Advanced Functional Materials

Cover image for Vol. 27 Issue 16

17_01/2007Cover Picture: Role of Nanoscale Strain Inhomogeneity on the Light Emission from InGaN Epilayers (Adv. Funct. Mater. 1/2007)

Pereira and co-workers report on p. 37 that nanoscale strain inhomogeneity plays a fundamental role in the spectral properties of InGaN/GaN epilayers. For layers grown above a certain critical thickness, a strong and spatially varying strain profile accompanies a nonplanar surface morphology (as shown on the cover), which is associated with a transition from planar 2D to a Stranski–Krastanow-like 2D/3D growth mode. Within this framework, apparently disparate experimental observations regarding structural and optical properties, previously reported for InGaN layers, are reconciled.

InGaN is the basis of a new generation of light-emitting devices, with enormous technological potential; it is currently one of the most intensively studied semiconductor materials. It is generally accepted that compositional fluctuations resulting from phase segregation are the origin of the high luminescence efficiency of InGaN. Evidence to show that nanoscale strain inhomogeneity plays a fundamental role in determining the spectral properties of InGaN–GaN heterostructures is reported. For layers above a certain critical thickness, a strong spatially varying strain profile accompanies a nonplanar surface morphology, which is associated with a transition from a planar 2D to a Stranski–Krastanow-like 2D–3D growth mode; the strong dependence of the critical thickness on the local InN content of the growing films drives a non-linear growth instability. Within this framework, apparently disparate experimental observations regarding structural and optical properties, previously reported for InGaN layers, are reconciled by a simple phenomenological description.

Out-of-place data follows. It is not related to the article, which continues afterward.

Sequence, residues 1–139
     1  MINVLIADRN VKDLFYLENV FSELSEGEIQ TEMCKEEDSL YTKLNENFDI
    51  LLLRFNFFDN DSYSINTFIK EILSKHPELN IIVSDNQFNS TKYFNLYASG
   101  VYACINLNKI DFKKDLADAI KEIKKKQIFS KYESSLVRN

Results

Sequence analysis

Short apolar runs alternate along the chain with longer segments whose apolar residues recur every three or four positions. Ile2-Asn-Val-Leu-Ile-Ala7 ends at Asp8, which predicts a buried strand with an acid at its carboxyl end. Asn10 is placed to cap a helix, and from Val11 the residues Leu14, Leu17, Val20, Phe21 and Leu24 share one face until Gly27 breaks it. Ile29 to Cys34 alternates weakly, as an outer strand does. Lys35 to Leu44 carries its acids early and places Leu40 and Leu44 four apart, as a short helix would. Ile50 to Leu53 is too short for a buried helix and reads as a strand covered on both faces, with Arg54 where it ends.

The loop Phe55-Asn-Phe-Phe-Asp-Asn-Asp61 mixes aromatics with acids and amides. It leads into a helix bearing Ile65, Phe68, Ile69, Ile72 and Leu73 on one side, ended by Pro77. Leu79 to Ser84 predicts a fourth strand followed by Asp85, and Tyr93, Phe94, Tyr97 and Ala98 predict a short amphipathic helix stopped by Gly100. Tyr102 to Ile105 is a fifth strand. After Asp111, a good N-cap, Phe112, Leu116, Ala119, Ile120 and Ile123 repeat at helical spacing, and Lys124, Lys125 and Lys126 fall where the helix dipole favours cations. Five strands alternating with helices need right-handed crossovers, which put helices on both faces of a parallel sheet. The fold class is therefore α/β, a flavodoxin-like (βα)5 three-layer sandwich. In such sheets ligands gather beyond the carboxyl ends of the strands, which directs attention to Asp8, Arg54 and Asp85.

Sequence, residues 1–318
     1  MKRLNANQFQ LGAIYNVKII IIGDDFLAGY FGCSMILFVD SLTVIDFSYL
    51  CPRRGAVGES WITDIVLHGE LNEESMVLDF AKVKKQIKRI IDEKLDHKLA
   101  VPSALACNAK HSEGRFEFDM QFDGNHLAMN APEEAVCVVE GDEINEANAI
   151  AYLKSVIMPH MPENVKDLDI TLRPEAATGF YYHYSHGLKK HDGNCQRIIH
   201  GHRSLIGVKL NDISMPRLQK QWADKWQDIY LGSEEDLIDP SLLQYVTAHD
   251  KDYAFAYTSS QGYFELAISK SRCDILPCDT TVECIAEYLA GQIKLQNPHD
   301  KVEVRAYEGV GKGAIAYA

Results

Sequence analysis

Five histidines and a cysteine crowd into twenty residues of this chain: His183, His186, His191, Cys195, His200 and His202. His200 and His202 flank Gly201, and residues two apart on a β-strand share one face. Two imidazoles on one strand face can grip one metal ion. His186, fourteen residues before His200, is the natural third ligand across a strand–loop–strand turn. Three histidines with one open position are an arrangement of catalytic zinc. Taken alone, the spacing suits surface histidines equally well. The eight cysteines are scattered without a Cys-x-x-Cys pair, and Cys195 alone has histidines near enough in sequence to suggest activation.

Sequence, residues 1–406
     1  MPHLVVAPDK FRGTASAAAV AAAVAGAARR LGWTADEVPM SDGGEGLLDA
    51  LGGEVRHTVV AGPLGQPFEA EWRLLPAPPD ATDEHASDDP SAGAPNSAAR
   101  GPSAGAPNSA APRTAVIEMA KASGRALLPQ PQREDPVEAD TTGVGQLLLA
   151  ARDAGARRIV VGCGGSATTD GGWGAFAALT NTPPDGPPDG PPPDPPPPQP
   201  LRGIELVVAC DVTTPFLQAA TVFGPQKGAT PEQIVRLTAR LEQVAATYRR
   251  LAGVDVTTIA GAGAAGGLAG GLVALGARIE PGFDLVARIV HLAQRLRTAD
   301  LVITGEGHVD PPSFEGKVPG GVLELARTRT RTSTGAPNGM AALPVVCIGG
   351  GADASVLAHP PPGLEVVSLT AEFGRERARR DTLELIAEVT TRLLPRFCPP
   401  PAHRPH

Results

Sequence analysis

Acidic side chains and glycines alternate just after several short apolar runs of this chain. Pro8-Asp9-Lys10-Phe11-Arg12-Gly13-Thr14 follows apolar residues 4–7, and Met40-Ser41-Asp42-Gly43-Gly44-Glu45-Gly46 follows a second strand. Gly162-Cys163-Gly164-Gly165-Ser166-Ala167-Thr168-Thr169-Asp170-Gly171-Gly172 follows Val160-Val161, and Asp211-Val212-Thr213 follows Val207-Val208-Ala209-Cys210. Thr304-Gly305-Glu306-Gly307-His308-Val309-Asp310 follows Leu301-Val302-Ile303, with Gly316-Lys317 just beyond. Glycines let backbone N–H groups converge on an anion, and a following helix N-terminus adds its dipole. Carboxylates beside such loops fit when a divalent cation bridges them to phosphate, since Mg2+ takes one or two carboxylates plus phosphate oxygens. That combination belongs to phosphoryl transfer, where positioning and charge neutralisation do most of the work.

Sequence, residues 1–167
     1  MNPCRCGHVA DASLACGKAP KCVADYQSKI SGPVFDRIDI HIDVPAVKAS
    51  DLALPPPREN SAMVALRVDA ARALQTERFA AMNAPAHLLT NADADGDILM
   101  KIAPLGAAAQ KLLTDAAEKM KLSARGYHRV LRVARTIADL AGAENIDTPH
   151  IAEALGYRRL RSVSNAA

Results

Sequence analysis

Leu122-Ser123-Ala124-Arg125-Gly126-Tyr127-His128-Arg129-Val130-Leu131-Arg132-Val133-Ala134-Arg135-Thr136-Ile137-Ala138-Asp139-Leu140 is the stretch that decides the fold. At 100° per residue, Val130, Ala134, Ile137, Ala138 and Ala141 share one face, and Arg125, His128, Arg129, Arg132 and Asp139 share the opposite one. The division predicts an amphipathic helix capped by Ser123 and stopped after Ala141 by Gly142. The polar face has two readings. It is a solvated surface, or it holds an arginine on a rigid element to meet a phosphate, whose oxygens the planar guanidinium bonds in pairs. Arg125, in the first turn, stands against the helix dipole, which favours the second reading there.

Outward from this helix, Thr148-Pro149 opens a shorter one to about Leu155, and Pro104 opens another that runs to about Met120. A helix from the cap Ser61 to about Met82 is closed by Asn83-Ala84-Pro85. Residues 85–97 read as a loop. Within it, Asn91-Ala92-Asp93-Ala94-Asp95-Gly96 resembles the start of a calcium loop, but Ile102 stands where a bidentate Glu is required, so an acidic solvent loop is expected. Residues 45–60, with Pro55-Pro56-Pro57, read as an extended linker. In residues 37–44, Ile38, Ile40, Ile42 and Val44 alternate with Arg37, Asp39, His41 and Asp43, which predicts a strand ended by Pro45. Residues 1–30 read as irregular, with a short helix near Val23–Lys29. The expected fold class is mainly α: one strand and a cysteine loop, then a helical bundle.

Read Full Text  | Table of Contents

Cover Gallery

SEARCH

SEARCH BY CITATION